When It Comes to Cancer, See the Person and Not the Disease

An oncology nurse offers people tips on how to find the courage and be better advocates to their loved ones who may be receiving treatment for cancer.

Confronting a cancer diagnosis is one of the most frightening and challenging experiences one can endure. Often, knowing how to help or what to say to a loved one who finds themselves receiving treatment for cancer does not feel natural or intuitive.

Avoidance of support because of this discomfort may result in isolation and loneliness on both sides. Having concrete information on how to begin, and a better understanding of the role can make this journey less daunting.

READ MORE: Recognizing the Complexities of Caregiving

The real power in acting as an advocate lies in finding the courage that is within us all to see the person, not the disease, and look past what they have been diagnosed with. Recognizing that we all have the capacity to help in some form is a good start. Seeing that the humanity in the person suffering is what unites us can forge bonds that enable us to truly help the other.

Below is a list compiled from the experiences of a pediatric oncology nurse having been in this role many times as a professional, as well as personally with her sister. These suggestions can help the advocate to be more effective in their role.

Understand how chemotherapy affects the body

Healthy cells in the body have a life cycle; they are created, serve their purpose and die, and are replaced with new cells. Cancer cells grow out of control and take up the space of normal cells, block the body from functioning normally, and need to be destroyed or removed. Chemotherapy destroys cancer cells, but also destroys healthy cells in this process. With some chemotherapy regimens the patient can be tired and more vulnerable to illness until the body recovers.

Things to remember with certain types of chemotherapy:

  • Don’t visit the patient if you have symptoms of illness,
  • Avoid giving fresh flowers,
  • Clean fruits and vegetables well, and
  • Support the need for plenty of rest.

Moreover, there are certain things you could do to help:

  1. Volunteer to help with childcare issues, such as bringing kids home after school,
  2. Assist with care/clean-up of animals,
  3. Deliver groceries, medical supplies,
  4. Offer a ride to appointments, and
  5. Rally friends and family to help create a list of necessary things with your loved one and delegate.

READ MORE: In Cancer Caregiving, a Passion for Learning is Vital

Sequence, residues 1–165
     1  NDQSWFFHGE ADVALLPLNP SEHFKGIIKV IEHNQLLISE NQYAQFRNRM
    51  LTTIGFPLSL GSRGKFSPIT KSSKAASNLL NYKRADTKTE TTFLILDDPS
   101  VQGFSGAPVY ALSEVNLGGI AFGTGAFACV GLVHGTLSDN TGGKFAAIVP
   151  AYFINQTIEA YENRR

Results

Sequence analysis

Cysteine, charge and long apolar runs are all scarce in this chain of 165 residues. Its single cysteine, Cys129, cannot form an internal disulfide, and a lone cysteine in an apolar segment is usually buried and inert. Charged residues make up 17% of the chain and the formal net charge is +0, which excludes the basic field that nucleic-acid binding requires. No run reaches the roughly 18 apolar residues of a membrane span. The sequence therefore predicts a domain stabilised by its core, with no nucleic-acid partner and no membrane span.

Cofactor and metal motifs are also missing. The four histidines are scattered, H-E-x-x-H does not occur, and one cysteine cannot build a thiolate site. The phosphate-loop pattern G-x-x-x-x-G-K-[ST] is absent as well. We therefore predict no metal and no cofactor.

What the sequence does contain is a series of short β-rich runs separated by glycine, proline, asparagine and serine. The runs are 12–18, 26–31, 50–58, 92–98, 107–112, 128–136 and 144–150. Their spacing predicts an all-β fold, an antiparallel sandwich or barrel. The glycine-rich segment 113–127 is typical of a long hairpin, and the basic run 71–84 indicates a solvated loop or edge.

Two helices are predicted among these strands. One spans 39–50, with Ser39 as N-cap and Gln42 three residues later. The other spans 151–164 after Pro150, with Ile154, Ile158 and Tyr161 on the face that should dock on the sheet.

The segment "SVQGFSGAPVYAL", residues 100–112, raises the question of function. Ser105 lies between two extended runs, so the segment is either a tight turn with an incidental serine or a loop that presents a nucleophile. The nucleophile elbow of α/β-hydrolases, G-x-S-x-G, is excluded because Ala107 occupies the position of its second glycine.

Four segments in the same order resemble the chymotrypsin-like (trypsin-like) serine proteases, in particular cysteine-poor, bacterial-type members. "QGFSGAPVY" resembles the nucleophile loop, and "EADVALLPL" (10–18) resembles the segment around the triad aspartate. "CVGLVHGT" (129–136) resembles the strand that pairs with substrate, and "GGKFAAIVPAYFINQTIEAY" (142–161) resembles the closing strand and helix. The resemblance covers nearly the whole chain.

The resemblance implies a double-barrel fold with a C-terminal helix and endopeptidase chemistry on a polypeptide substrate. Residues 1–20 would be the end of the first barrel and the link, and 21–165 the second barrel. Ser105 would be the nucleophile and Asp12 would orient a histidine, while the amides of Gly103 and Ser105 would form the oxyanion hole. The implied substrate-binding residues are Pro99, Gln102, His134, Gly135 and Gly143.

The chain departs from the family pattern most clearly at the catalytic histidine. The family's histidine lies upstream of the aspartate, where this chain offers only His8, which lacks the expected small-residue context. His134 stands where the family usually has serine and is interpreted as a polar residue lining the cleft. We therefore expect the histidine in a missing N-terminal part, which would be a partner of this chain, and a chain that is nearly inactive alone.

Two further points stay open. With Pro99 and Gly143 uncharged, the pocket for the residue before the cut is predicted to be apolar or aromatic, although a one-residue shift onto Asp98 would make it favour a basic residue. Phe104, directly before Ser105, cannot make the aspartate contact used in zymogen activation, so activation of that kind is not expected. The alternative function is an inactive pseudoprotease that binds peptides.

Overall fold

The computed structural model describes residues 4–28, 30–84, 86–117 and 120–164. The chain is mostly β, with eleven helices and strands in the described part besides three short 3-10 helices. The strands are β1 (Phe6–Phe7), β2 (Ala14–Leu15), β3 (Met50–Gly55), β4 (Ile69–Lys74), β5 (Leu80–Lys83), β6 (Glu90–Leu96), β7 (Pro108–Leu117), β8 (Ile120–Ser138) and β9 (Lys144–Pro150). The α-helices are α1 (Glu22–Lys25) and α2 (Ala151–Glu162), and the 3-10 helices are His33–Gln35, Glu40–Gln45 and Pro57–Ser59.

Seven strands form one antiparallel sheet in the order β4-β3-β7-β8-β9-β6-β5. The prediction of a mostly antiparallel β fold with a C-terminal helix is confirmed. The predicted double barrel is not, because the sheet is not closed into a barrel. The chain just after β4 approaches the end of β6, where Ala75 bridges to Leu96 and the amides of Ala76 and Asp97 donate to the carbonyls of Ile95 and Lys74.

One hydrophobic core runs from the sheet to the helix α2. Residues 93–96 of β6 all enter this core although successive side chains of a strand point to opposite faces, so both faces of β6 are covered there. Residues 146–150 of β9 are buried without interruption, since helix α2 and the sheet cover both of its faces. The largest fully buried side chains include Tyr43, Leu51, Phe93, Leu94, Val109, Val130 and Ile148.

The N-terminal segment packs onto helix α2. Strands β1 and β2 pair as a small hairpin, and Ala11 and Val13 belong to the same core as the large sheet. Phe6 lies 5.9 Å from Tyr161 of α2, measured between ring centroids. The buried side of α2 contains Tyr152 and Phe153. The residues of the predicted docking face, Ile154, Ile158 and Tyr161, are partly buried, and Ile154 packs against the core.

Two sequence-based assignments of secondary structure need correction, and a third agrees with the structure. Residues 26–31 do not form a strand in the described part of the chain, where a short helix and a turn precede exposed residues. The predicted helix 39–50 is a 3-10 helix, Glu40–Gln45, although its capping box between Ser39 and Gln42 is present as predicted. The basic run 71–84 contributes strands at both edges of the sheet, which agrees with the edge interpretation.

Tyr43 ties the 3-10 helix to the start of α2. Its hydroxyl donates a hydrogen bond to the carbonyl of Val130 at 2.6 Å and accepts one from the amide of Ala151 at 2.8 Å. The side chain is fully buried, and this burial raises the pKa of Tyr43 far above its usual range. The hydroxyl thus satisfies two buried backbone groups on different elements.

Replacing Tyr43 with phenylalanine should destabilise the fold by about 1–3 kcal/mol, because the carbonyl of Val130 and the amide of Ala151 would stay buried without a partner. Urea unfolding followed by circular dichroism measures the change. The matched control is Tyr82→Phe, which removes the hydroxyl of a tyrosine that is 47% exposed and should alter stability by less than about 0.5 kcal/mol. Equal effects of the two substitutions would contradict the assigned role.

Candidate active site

And remember, chemotherapy can cause unpleasant changes to smell and taste. If sending a gift, avoid scented lotions, flowers or food; consider a book or magazine or tea bags instead

Words are powerful

When unsure what to say to your loved one, follow their lead. If they are feeling hopeful, your role as an advocate is to remain positive. If they are fearful, that opens a different conversation. Asking, “How is that for you?”, or “What was the worst part of today?” are helpful as open-ended questions.

It’s important for you to recognize and use the word cancer. Don’t forget to remind them they are brave. But also remember to express concern, sympathy and love. Saying, “I’m so sorry this has happened to you” can help.

However, there are time words aren’t needed. When this happens, just be present and listen.

Wait to be asked before giving advice

The art of advocating is knowing when to push the conversation to help a loved one recognize something that is affecting their well-being. If a call to the doctor seems warranted in the presence of a fever or illness, try posing the concern with a question. “Did your doctor say to call them if you have a fever?”

Practice good self care

Being an advocate requires tremendous courage. Watching a loved one suffer, being unable to stop the distress, and fearing you may lose them is overwhelming. It is common to lose sight of one’s own needs.

I suggest managing your feelings in a separate space. Whether you choose a family member, a therapist or a friend is a personal choice, but it is very important for your well-being. Be sure to rest, eat and ensure adequate hydration.

And, if you think you have said the “wrong thing,” remember kindness is what matters most and will be remembered long after the therapy is completed.

Be familiar with resources

Advocates can either visit Cancer.gov or Cancer.org – the latter of which has a live chat feature with resources and education, aids with transportation, local support groups, dietary choices and many other topics.

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